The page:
Sixteen-month-old Ayenna Mulder tries her hand at painting at Art by the River over the weekend. Assisting Mulder is her grandmother Tamara Walls-Muise.
By Ron Giofu
For the 49th consecutive year, arts and crafts lovers came to Amherstburg for the show that benefits the Gibson Gallery.
Art by the River was held last Saturday and Sunday at Fort Malden National Historic Site with a full house of artists, crafters, musicians and vendors on hand. Some exhibitors experienced their first show while others have been there for a number of years but all seemed to enjoy the show.
Maria Jose, a 16-year-old Windsor student, was an exhibitor for the first time in Art by the River and noted it was one of several regional shows she has participated in this year.
“I’ve been drawing since I was seven-years-old and painting since I was ten,” explained Jose.
Jose said she is getting her name and work out into the public eye by going to shows like Art by the River.
“I’m getting exposure, meeting people and sharing my work with others,” she said.
Calling the crowds at Art by the River “a great audience,” she said she received a lot of feedback on her work as well.
“It’s just a wonderful experience,” said Jose.
Art is something Jose said she hopes to pursue as she gets older, adding she would like to find work in the arts.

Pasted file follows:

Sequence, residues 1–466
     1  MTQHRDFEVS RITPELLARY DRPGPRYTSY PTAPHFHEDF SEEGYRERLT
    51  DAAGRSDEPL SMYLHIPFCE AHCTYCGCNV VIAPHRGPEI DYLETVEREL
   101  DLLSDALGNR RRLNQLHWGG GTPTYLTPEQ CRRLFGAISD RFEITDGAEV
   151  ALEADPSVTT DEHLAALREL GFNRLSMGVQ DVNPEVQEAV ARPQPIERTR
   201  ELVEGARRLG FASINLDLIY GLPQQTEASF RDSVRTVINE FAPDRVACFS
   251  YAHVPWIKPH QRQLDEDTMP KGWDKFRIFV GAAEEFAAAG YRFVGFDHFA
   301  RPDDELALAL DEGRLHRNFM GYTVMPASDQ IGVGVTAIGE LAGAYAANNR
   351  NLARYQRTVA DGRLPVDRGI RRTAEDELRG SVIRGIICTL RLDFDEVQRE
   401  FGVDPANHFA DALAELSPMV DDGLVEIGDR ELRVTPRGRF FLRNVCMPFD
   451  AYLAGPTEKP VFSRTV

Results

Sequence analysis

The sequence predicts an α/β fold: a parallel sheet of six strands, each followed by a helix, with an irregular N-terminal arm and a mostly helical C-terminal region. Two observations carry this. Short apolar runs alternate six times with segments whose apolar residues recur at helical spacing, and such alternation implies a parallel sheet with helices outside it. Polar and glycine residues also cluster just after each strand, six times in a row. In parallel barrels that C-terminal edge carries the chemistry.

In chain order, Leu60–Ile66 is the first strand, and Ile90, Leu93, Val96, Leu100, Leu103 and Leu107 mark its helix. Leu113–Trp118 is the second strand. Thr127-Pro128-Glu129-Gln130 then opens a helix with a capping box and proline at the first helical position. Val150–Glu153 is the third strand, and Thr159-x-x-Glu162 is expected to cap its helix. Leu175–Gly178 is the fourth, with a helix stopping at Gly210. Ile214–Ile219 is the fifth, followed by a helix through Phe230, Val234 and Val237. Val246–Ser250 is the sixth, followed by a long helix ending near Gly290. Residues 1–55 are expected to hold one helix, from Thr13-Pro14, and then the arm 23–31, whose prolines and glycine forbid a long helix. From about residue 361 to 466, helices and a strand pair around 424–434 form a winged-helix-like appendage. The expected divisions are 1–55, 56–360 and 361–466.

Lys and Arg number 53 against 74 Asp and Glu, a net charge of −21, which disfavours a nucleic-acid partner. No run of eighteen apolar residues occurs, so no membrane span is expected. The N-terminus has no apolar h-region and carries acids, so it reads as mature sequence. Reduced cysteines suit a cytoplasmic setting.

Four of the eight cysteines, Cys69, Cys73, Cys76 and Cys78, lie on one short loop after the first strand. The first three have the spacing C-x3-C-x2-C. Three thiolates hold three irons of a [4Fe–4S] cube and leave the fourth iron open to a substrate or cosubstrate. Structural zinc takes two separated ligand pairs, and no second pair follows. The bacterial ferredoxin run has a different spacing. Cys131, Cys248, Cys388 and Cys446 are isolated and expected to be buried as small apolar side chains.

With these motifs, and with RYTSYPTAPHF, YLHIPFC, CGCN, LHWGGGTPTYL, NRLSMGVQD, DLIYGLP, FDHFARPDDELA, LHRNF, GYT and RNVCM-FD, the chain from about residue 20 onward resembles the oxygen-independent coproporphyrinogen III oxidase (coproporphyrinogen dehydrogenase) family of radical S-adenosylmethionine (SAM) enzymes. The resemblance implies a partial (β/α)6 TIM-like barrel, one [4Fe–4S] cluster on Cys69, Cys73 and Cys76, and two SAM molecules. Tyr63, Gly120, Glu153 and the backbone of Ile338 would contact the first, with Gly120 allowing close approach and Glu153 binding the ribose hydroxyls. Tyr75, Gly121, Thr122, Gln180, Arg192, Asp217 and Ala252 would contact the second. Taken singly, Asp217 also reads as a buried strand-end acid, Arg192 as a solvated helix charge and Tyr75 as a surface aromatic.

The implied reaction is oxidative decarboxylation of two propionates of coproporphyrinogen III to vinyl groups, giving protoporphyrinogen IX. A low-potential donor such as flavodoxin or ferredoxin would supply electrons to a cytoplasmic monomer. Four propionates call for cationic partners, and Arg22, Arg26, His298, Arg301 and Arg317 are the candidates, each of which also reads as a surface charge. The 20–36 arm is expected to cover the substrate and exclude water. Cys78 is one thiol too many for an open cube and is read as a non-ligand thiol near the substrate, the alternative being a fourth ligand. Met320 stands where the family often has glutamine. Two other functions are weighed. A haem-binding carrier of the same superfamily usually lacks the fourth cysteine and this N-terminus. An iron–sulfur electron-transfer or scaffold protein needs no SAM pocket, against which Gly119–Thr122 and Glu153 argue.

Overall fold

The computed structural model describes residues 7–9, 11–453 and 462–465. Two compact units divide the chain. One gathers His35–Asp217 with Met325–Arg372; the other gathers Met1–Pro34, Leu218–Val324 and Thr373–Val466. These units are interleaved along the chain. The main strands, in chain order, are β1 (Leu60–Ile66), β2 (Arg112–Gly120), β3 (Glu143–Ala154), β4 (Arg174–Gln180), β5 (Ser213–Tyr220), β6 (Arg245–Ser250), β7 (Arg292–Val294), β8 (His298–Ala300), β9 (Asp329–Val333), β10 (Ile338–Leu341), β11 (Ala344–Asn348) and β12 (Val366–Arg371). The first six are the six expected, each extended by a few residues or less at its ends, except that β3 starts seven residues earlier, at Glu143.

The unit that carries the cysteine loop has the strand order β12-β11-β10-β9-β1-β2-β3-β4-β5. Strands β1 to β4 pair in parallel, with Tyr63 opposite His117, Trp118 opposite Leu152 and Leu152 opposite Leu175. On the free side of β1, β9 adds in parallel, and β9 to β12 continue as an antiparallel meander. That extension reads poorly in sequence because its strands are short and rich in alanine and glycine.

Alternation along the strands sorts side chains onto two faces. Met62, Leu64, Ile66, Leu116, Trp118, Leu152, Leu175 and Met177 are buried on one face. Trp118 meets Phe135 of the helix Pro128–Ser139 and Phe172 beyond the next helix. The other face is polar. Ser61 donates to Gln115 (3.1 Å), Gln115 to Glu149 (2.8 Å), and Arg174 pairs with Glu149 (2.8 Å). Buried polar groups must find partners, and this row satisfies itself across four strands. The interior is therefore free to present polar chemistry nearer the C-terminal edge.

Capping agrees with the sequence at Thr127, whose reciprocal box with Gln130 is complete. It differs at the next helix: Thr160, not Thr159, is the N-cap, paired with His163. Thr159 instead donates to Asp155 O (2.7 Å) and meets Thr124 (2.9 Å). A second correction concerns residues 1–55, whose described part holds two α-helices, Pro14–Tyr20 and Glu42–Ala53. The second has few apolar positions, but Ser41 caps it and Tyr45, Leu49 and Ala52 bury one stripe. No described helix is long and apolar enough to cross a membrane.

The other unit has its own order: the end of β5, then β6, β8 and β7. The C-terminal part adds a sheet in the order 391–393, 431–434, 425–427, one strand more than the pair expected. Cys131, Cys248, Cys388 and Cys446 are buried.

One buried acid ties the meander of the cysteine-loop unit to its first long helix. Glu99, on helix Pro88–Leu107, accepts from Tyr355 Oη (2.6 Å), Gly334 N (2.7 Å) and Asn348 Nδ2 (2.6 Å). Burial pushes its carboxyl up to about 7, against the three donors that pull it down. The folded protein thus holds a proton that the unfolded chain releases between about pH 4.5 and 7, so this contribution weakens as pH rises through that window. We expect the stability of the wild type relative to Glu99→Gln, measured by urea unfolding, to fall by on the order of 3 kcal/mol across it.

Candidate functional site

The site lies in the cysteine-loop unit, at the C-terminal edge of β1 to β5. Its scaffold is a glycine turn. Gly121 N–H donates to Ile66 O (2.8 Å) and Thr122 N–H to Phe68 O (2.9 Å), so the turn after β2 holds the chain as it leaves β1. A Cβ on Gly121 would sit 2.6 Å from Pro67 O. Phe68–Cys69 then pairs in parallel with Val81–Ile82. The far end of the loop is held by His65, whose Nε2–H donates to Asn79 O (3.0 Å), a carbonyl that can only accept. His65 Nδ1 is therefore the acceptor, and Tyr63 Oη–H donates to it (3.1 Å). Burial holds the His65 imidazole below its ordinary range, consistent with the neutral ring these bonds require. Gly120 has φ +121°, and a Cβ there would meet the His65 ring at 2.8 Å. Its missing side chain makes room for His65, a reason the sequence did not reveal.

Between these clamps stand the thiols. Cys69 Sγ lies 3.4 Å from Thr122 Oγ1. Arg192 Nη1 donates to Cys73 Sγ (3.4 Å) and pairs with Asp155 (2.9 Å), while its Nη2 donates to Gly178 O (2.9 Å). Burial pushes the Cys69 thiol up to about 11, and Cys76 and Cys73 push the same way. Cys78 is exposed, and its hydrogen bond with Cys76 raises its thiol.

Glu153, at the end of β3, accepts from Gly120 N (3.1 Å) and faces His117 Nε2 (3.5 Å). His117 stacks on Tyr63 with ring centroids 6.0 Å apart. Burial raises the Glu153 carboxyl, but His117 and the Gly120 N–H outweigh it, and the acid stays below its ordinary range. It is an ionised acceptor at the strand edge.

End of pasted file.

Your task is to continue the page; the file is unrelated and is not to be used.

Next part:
“My parents tell me it’s a gift from God and to nurture it,” she stated.
Joy Purdy and Tim O’Brien of Faerhaven display some of the hand lotion they had on display at the Aug. 29-30 Art by the River.
Joy Purdy and Tim O’Brien brought their business, Faerhaven, to the show complete with the soaps, lotions and similar goods they produce. They have been coming to Art by the River for about six years.
“It’s a nice atmosphere,” said O’Brien. “The people are pleasant, it’s enjoyable. The organizers have done a great job.”
“It’s very well attended and very popular,” added Purdy.
Martin Henly of Henly’s Leather Shop came to Amherstburg again this year. He said it was nice to come to a show where it was clear that other exhibitors took the same care and pride in their work like he does in his.
“It’s one of the better run shows,” Henly stated. “The quality is there. I do very good work and I want to sit next to people who also do good work.”
Elaine Douglas of LaSalle and her husband Russ returned to Art by the River this year and reported it went well. Douglas creates “Grannie Memory Bears,” teddy bears created from clothing of loved ones who passed away. The idea came to Douglas after their daughter Wendy died Dec. 14, 2003.
“A lot of people bring loved ones clothing and I make them teddy bears,” she said.
Her own experiences doing that brought her closer to her daughter, she said.
Douglas said she enjoys Art by the River and noted the efforts organizers make in promoting and staging the twp-day event.
“They do a lot of work on this show,” said Douglas.
(NOTE: The original version posted Sept. 1, as well as the version in the print edition, states the event was in its 48th year. To clarify, this was the 49th annual Art by the River.)
Lynda Tilt and Betty McCready of Transformed Treasures were among the exhibitors at Art by the River.